I wrote this story for Grist, where it first appeared.
When Walmart announced on Monday that it would install 15 megawatts’ worth of solar arrays on as many as 30 of its stores in California and Arizona, it set out to shape the solar market in more ways than one.
The reason? The world’s biggest retailer specified that many of the new solar installations should use thin-film photovoltaic panels. Thin-film solar cells are printed or deposited on glass or flexible materials. And although they are less efficient at converting sunlight into electricity, they can be produced at a lower cost than traditional crystalline silicon solar cells.
Thin-film solar currently accounts for just about 20 percent of the solar market. The most technologically advanced versions have had a difficult time grabbing market share due to competition with low-cost Chinese crystalline silicon manufacturers and a recession that has dried up investor funding.
“By leveraging our global scale to become a more efficient company, we are able to lower our expenses and help develop markets for new technologies,” Kim Saylors Laster, Walmart’s vice president of energy, said in a statement. “Developing and incorporating new renewable energy sources, like thin film, reduces energy price risk and aligns very well with our commitment to solving business challenges through technology.”
Walmart signed a deal with SolarCity, a leading Silicon Valley solar installer, to manage the project. SolarCity will install and own the photovoltaic arrays on Walmart stores and sell the electricity to the retailer.
SolarCity’s chief executive, Lyndon Rive, told me Monday that the company will install thin-film solar arrays made by First Solar and Miasolé.
First Solar, which makes an older variant of the technology called cadmium telluride, is the world’s biggest thin-film manufacturer and Walton family members were early investors in the Tempe, Ariz., company. First Solar is also an investor in SolarCity, which already uses its photovoltaic panels.
Miasolé, a Silicon Valley startup, is one of a number of companies that has developed a type of thin-film solar cell called copper indium gallium selenide, or CIGS, that offers the promise of higher efficiencies and lower costs.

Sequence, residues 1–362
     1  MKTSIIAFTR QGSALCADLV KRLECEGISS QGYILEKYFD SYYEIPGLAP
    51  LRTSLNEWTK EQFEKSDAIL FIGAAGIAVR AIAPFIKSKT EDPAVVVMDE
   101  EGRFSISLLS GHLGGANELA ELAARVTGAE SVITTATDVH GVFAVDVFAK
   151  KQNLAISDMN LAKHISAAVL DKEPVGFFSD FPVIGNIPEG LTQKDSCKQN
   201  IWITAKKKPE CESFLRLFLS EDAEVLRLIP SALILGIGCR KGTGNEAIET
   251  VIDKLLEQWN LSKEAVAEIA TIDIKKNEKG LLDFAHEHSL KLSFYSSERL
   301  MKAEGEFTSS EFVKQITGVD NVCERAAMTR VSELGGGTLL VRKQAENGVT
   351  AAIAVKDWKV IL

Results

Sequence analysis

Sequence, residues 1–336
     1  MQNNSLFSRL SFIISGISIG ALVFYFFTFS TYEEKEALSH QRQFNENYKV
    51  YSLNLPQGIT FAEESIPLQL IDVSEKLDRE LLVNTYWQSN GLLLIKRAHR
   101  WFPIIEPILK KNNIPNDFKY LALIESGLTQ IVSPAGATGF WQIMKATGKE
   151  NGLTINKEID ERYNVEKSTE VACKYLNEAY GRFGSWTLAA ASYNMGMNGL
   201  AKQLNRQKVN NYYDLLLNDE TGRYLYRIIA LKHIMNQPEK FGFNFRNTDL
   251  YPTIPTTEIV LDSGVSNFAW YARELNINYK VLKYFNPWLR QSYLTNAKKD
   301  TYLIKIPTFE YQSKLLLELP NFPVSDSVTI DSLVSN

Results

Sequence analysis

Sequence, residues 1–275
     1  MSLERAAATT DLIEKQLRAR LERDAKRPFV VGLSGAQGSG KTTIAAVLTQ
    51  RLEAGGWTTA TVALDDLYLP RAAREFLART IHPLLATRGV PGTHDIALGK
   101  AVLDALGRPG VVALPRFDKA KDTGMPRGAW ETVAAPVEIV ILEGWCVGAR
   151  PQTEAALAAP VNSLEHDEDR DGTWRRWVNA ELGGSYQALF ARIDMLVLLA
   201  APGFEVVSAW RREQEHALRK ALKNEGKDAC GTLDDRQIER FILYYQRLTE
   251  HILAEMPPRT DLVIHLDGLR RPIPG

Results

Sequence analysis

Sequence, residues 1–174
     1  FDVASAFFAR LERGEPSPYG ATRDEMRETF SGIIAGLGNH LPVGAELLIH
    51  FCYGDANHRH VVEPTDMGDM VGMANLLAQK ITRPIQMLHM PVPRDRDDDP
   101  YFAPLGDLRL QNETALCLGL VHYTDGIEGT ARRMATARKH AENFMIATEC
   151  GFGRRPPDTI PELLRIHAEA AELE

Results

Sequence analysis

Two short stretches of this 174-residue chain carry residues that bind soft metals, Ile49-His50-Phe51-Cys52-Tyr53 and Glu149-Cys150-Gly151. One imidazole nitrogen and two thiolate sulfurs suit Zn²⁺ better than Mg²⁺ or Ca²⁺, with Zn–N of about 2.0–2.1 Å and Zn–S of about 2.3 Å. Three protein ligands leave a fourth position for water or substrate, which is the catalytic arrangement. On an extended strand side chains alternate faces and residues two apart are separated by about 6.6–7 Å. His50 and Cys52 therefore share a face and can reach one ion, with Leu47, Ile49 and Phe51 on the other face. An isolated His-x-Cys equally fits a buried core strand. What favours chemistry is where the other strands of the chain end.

“Walmart wanted to see thin-film be adopted and made that a requirement in the bidding process,” says Rive.
He noted that the retailer did not dictate the percentage of stores that should receive thin-film solar arrays but expects the technology will account for the majority of installations over the next year.
“There’s no hard and fast number but they’d like us to do as much as possible,” said Rive.
Another twist in the Walmart deal is that the company collaborated with the Environmental Defense Fund (EDF) to develop the criteria used to select SolarCity. (EDF, which maintains an office near Walmart’s headquarters in Bentonville, Ark., has long worked with the retailer on sustainability initiatives.)
The goal, Walmart said in a statement, “was to identify the most innovative solar technologies that would create benefits on three fronts — to the environment, technology, and financial viability.”
The bigger ambition, though, is to shape the solar market, as Walmart acknowledged.
“The company’s large scale on-site installation of CIGS could help further the development of this technology and bring it to market quicker, while use of cadmium telluride thin film could help make the case for other businesses to adopt the technology for on-site commercial use.”